Those of you who follow my blog posts know that I often discuss tips and tricks for improving your memory, since this is such a vital component of learning that we champion here at Brainscape. When I come across relevant blog posts that express things that I could not say better myself, I re-post them in order to share them with you and give the authors the credit they deserve. The following post, which I found in one of the Psychology Today Blogs called Look At It This Way, is a comprehensive explanation of memory, how we can improve it, and how we can make it work for us in the face of its “downsides”. As always, if you have any reactions to this post that you’d like to share, please post your comments below!
How does the brain work to remember…and forget?
By: Stephen Mason, Ph.D.
July 7, 2009
Is it normal to forget why I'm looking in the refrigerator? If I had a nickel for every time someone asked me that, I'd have at least four dollars. As it happens, there's a lot I can tell you about memory. And a lot I can't. Mostly this is because the brain is such a complex organ that, despite generations of scientific study, many of its functions remain a mystery. Two people, perhaps the only two in the world, have recently made the news because they never forget anything. Ask what they did on June 23, 1996 and they'll tell you. A much greater number will tell you that February 7, 1940 was a Wednesday. And even more will be able to describe, with 100% certainty, the man who robbed the bank…and be 100% wrong.
Just to give you an idea of how hard it is to fathom the workings of the mind, try comparing it to a computer. There is a fellow who has gone way beyond the usual 3.14, which serves well enough for the rest of us, who has actually memorized pi to 83,431 decimal places. An amazing feat and yet it would require only 100 bytes to do the same on a computer. On the other hand, the average person can easily recognize a hundred faces from as many angles…a task that would require hundreds of gigabytes. Weighing in at less than three pounds (less than 2% of your total mass) that clump of soft tissue under your hat is more complicated than we know…perhaps than we can know.
The memory function can be divided into short and long term. Forgetting why you're looking into the refrigerator falls into the first category. This is often a symptom of aging but why that should be so isn't as simply as it might seem. While it's true that neural deterioration accounts for some of it, it's also true that seniors can become so firmly entrenched in their daily routine that they pay less and less attention. Getting into the habit of reviewing your day is often therapeutic in this regard. Simply talking with a spouse about what happened over the past 24-hours can significantly sharpen your recall of those events at a later date.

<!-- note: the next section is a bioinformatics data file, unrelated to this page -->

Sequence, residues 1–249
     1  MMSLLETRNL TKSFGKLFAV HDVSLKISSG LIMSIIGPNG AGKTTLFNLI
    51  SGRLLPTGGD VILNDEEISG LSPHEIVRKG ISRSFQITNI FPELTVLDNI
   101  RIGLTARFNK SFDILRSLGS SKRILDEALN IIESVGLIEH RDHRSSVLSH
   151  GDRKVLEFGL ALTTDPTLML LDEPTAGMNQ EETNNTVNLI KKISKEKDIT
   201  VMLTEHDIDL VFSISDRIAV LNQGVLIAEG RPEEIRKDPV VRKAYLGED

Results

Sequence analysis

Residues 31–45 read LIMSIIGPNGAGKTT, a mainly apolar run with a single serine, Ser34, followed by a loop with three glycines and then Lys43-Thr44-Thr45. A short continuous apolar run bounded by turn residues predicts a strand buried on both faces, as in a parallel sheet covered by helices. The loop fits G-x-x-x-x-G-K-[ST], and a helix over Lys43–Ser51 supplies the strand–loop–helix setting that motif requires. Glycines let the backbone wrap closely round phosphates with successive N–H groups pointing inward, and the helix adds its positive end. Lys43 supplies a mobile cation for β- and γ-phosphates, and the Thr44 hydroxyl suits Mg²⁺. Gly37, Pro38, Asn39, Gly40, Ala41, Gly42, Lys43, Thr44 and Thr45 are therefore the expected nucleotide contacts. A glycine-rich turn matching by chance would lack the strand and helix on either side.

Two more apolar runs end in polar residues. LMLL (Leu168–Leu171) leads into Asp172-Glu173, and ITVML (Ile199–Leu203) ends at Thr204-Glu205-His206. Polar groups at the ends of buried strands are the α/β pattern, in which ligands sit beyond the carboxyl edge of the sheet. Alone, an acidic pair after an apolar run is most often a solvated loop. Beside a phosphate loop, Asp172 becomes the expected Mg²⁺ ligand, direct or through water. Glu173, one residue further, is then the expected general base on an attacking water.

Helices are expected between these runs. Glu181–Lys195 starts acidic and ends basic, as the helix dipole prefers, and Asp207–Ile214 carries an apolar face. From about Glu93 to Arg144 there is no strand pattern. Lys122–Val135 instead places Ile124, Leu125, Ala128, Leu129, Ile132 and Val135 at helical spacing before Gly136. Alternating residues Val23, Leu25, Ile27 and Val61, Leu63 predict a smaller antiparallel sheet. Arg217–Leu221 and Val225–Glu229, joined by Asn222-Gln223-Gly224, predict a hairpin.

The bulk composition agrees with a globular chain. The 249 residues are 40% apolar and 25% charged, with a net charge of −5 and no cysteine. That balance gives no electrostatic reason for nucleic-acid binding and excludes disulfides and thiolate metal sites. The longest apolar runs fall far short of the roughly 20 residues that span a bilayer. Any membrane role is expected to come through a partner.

Some people swear by supplements such as Ginkgo Biloba. It's been used for centuries and is said to help with everything from PMS to altitude sickness and, of course, memory enhancement. Legitimate studies have, indeed, found some benefit in cases of dementia due to multi-infarct damage and Alzheimer's. However, it's difficult to know the quality of the product being sold over-the-counter and to decide on the appropriate dose. More studies aren't being done because funding is always scarce when it comes to non-proprietary drugs. If no one is going to make big bucks selling it, no one is going to spend big bucks researching it.
Students know that it's best to study for a test at about the same time of day that they will be tested. This is because your body goes through a series of rhythms and it's easiest to recall something at approximately the same time you first experienced it. Any resolution made the morning after a night of drinking is apt to be forgotten a few nights and a few drinks later. This is also why you want to record something you need to remember via as many senses as possible. To learn a new word, for example, say it, listen to it, write it, and look at it. Then make up a story. Traveling in Korea, I came across the term for that pale green pottery so typical of the region. It's called CELADON. To help me remember the word, I created a mnemonic device. That is, I made up a story of someone putting an Oxford Don up for auction on eBay…Sell-A-Don. Get it? And while I agree that it's a silly association, I've never forgotten it. You can try it right now to better appreciate its effectiveness by making up a story to help you remember the word MNEMONIC.
Finally, having a good memory might not always be in your best interest. Two examples can serve to make my point. One involves depression. When your spirits are down, a good memory can bring a flood of negative experiences from your past to keep you in exactly that same frame of mind. Your sugar level is down so you recall a time when you felt humiliation in front of a group. Good memory but to a bad effect. Another has to do with beliefs that get in the way of your happiness. It's called Confirmation Bias and means that you will often tend to bring up those notions that can most reinforce your least worthy ideas. A terrorist bent on a suicide mission is just naturally going to remember all the bad and none of the good things he's ever heard or thought about his victims.
So just as you can learn to improve your memory by a number of different techniques, you can also learn to make your memory work for you. Mostly, that's just a matter of concentrating on happy thoughts and leaving the rest behind. Believe me, it's better than an apple a day.